In November 1775, with the Revolution breaking out, Virginia’s last British governor, Lord Dunsmore, offered any slave willing to fight for the crown their freedom and land to farm; he had already threatened the Colonists that he might free the slaves in April 1775 should any harm come to Williamsburg. Meanwhile, Revolutionary recruiters in Georgia and South Carolina were promising white soldiers a slave at the end of their service. Needless to say, Colonial slaves saw where their best hope for freedom lay and acted upon it.
    In South Carolina, two-thirds of slaves escaped following Dunsmore’s proclamation. Thirty thousand slaves fled Virginia. Although fewer than 1,000 former slaves actually served the British as soldiers, at least 20,000 defected or allowed themselves to be captured and many served in other capacities. By the end of the war, out of a total slave population of 450,000 in the colonies, approximately 100,000 had escaped, died, or were killed in battle.
    At the conclusion of the war Great Britain resettled approximately 12,000 of the former slaves in Nova Scotia and the West Indies. About half who settled in Nova Scotia eventually chose to resettle in Sierra Leone. However, Britain returned escaped slaves to former owners who had remained loyal to the crown.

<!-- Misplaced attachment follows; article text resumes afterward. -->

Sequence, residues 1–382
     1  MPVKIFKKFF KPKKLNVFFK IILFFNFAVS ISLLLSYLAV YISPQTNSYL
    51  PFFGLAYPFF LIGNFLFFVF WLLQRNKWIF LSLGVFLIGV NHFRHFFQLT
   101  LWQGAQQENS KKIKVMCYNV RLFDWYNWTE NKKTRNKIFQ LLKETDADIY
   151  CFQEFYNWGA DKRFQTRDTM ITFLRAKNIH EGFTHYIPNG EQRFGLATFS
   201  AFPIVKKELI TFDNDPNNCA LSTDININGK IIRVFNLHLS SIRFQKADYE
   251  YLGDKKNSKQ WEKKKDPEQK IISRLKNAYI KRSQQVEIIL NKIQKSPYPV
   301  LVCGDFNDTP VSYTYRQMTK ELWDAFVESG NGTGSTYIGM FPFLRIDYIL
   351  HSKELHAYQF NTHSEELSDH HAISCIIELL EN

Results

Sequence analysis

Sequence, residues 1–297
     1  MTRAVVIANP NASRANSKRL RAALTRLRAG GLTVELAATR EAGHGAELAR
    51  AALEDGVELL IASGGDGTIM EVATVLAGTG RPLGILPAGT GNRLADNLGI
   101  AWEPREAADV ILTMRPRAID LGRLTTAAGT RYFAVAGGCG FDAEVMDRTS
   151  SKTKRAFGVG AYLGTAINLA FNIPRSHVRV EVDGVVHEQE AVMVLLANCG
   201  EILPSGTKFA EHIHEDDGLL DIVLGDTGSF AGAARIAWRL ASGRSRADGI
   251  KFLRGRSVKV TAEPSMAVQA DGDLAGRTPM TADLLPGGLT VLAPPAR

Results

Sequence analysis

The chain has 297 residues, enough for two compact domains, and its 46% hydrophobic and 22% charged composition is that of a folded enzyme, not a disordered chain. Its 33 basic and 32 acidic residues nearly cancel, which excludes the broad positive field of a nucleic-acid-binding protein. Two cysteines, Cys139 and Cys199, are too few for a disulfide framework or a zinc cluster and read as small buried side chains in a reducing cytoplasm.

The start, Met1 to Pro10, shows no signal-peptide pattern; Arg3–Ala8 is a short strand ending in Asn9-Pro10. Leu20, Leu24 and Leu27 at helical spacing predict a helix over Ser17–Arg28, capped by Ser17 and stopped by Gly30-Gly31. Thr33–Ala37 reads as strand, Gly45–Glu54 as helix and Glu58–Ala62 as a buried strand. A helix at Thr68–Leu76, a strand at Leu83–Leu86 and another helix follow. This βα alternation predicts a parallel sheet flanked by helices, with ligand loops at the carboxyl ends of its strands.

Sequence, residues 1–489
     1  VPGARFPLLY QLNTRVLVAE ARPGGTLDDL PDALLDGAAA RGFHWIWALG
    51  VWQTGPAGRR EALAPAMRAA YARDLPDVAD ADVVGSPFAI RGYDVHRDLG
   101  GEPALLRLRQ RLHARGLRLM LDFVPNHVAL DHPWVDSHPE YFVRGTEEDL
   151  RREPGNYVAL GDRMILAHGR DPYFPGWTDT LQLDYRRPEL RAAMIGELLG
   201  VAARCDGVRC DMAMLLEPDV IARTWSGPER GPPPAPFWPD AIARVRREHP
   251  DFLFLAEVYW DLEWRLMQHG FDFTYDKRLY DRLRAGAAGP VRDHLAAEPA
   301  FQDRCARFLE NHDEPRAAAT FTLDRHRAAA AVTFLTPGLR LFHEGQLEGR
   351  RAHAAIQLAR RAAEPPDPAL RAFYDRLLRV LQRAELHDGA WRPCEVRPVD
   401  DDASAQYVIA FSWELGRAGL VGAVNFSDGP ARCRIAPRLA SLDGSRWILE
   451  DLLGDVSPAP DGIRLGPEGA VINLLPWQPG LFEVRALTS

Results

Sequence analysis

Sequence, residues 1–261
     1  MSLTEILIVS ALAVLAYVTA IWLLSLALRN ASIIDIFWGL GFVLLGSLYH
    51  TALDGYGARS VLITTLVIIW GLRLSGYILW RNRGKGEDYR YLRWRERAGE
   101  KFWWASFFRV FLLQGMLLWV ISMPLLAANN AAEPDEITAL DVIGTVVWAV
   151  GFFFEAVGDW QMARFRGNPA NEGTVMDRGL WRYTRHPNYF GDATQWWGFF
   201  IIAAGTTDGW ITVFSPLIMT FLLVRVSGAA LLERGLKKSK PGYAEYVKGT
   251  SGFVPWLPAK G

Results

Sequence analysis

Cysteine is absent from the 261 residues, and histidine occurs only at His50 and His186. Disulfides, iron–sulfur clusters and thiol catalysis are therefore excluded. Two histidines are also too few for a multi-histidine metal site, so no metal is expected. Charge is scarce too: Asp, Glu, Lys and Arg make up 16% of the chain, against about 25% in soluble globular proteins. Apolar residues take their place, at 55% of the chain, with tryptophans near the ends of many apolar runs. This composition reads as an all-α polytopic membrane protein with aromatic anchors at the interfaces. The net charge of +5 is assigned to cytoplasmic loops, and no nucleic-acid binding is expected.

Near the outset of the war George Washington allowed free blacks with military experience to join the Continental Army. A year later he expanded that to include all free blacks. Soon after Congress voted to allow slaves to serve, but no Southern state agreed save for Maryland.
    Approximately 5,000 blacks, both free and slave, served in the Continental Army. Many slaves were given their freedom, but others who had been promised freedom were instead returned to slavery.
    Lord Dunsmore’s actions obviously backfired horrendously. His intention was to frighten Southerners away from joining in what was mostly a Northeastern rebellion. Instead he caused many Southerners who would otherwise be loyal to the Crown to join in the Revolution. Slaveowners joined to protect their economic interests, and the intensely Loyalist backcountry residents of Virginia and the Carolinas were frightened at the thought of tens of thousands of armed former slaves roaming the countryside and switched their allegiance to the Continental cause.
    Our high school history books don’t tell this version of events because victors like to paint themselves in the most flattering light possible. We live in a world of myth, and there’s nothing wrong with that. Perhaps most of those who joined in the American Revolution did so in pursuit of the high-minded ideals stated in the Declaration of Independence. But in the South many were motivated, at least in part, out of a fear of abolition and a desire to maintain legal slavery.
    So the bottom line is that the war many believe was fought to end slavery wasn’t; and the American Revolution, with all of its high-minded ideals, was also fought by some to preserve slavery.
    Those who insist on denouncing those who served the Confederacy while praising those who served in the Revolution need to delve a little deeper into America’s not-always-pretty history. Life is complicated.

Sources: Was the American Revolution Fought to Save Slavery?

INSTITUTE INDEX: Slavery and the American Revolution

Dunmore’s Proclamation
How fears of a slave revolt drew the South into the war—the Revolutionary War